I used to think Ruffa Gutierrez spoke perfect English until I saw this movie. In one scene, policemen came to (her character) Isabela’s house because of some ludicrous beauty product scandal (I kid you not). The policeman said her name in a thick regional accent to which she replied “yes that’s me pero mali yung pronounce-iation.” In her defense, the root word is “pronounce” and so it only follows that its noun form should be said in the same way. Hmmm... no. That’s not right, is it?

I used to have some respect for Ogie Alcasid. Sure, he left his beauty queen wife and kids for that slut but at least he was still entertaining. In Desperadas, he is Lugaluda, half-sister (yes, you read it: sister) to the four principal characters. He comes from a strange African island where people (apparently) speak in tongues on a regular basis. As if that wasn’t bad enough, they had him dancing strange “African” dances (with translator Joy Viado) in so many scenes, I lost count. But what ultimately doomed him was his kissing scene with BeBench winner Carlo Guevarra. It was pretty dark in the cinema but I’m pretty sure people cringed and covered as though Sadako herself came out of the screen.

Speaking of cringing, I don’t know who taught Marian Rivera to speak English but it seems she took her s’s and z’s too seriously.

Courtney: “parang wala naman akong ginawang underwear na ganyang zize”.

Someone please tell her to lay of the z’s before she starts sounding like Jollibee. Come to think of it, that might not be such a bad idea. She’s only got fifty million commercials, right? Donning the big bee in red costume might prove to be (dare I say it) entertaining.

All in all, if you expect to use even a tenth of your brain capacity then you’re only setting yourself up for failure. It’s a mildly entertaining movie just as long as you’re willing to overlook the over-the-top acting, the hideous stereotypes and an ending so hurried, it’ll make your head spin.

Review: The Golden Compass

The Golden Compass
Released: December 7, 2007 (US)
Rating: ♥♥♥♥

Scene: my sister and I went to the local pirates. We were panic-buying, absolutely positive that the holidays would leave us with a lot of idle time. She picked up a copy of The Golden Compass and even though I wasn’t exactly at-the-edge-of-my seat excited to watch it, there I was on New Year’s Day watching it.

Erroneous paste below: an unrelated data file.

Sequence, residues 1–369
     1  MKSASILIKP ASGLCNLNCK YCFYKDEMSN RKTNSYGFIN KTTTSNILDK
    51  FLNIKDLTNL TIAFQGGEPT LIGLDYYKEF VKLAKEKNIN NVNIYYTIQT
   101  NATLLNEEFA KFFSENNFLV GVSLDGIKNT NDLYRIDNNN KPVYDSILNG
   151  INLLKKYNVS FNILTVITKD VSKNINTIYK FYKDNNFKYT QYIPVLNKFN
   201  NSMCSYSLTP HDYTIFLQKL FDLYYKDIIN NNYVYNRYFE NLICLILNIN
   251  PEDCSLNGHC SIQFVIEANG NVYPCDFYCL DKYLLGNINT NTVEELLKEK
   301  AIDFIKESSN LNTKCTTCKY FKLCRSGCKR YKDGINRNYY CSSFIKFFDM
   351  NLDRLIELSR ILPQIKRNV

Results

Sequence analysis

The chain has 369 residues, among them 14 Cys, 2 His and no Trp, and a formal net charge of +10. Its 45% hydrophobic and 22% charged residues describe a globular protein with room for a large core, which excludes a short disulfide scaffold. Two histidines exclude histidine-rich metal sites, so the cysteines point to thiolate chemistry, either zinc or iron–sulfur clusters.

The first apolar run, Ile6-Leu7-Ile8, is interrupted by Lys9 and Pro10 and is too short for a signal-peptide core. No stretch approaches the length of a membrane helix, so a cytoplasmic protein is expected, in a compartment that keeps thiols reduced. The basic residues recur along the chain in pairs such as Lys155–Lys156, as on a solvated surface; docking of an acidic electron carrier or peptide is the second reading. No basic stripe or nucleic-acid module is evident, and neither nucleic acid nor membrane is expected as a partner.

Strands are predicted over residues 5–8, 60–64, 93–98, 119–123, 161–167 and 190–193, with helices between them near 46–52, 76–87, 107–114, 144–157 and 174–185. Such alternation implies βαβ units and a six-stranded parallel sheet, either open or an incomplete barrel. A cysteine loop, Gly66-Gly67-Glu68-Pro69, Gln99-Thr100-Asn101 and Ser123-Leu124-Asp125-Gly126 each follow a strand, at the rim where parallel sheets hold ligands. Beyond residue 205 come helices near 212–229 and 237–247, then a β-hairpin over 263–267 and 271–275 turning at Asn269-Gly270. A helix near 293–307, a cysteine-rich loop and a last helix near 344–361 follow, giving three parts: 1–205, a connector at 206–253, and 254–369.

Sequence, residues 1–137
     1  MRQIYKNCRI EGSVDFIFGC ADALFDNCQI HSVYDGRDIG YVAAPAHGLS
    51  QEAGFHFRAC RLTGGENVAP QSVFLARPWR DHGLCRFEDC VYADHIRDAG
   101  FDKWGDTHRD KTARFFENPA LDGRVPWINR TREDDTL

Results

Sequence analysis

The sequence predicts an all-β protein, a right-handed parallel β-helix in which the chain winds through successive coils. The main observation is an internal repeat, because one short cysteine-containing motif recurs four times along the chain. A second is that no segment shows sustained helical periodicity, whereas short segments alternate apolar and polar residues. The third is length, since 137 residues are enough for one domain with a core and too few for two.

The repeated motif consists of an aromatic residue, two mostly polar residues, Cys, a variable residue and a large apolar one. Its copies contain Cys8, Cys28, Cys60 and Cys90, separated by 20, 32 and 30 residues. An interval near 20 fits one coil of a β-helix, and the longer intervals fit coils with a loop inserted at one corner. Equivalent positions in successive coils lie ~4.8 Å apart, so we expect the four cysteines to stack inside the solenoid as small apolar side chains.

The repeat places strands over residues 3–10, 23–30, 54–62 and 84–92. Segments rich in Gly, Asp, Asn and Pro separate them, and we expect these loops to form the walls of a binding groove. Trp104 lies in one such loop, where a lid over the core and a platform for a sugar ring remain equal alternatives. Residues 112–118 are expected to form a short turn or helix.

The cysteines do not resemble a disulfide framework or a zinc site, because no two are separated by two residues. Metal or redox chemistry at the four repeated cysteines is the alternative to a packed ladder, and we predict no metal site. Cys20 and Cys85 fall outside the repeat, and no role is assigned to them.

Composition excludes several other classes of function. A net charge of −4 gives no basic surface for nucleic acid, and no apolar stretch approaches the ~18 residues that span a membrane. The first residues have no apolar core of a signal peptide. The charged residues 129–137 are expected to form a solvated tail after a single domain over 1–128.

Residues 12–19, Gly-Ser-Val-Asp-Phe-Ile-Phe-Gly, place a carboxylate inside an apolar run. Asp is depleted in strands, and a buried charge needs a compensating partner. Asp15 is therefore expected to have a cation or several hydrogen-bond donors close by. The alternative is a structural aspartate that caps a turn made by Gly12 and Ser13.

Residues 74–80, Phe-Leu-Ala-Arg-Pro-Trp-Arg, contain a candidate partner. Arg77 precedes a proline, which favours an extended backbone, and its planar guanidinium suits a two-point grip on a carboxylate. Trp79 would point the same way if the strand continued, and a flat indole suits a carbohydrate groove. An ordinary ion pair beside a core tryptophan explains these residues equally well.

Over-all, I was pleasantly surprised with the movie. I wasn’t expecting much but it turned out to be very interesting. The movie is set in a world that runs parallel with our own. In our world, our souls are inside our body. In their world, souls take the shape of animals called dæmons. I’m pretty sure I’ve heard this idea before but it was really amazing to see the people’s souls come to life in the form of tigers, cats, birds, monkeys and other animals.

The cast was equally interesting. Daniel Craig, in my opinion, is one the best James Bonds ever (possibly second only to Sean Connery) and since I’ve only seen him in Casino Royale, Quantum of Solace, and Sylvia (Plath biopic), I was eager to see more of his acting range. He didn’t disappoint me. His character, Lord Asriel, wasn’t the focus of the movie but he stole the scene each time he was in the frame.

Nicole Kidman and I have a strange relationship. Yes, Moulin Rouge and The Stepford Wives are some of my favorite movies. I felt she was absolutely stunning as an objective voice amidst programmed housewives and a dying courtesan but then again there are some movies where she wasn’t exactly stunning. There was that mess The Human Stain and that hapless attempt at remaking Bewitched but the best example would probably be recent box-office bomb Australia. I haven’t seen it but so far the reviews have not been pretty. I’m not completely sold on her performance in The Golden Compass but there are scenes that I really like. As Marisa Coulter, she’s got the I’m-so-pretty-I’m-deranged act down pat and her performance was adequately convincing, making her pretty easy to hate.

But the real star of the movie was child actress Dakota Blue Richards. She reminds me of her namesake Dakota Fanning or a female Haley Joel Osment circa Pay It Forward. As Lyra Belacqua, she goes through a lot in this movie and the whole time my heart just went out to her each time the story brought her challenge after challenge after challenge. I hope to see more of this kid soon.

A nice little treat was Eva Green as Serafina Pekkala, the queen of the witches. James Bond fans will remember her as beautiful yet ultimately doomed Vesper Lynd in Casino Royale. As usual, her entire body acts with her. I first saw her in the Bertolucci’s The Dreamers. I swear, when she acts it seems like her eyes and her hair have their own silent dialogue. I’m forever amazed at this woman.

Over-all, it was an interesting story. It ends inconclusively and I’ll be sure to catch the next installment as soon as it comes out (and if they ever start making it).

Thursday, January 1, 2009

auld lang syne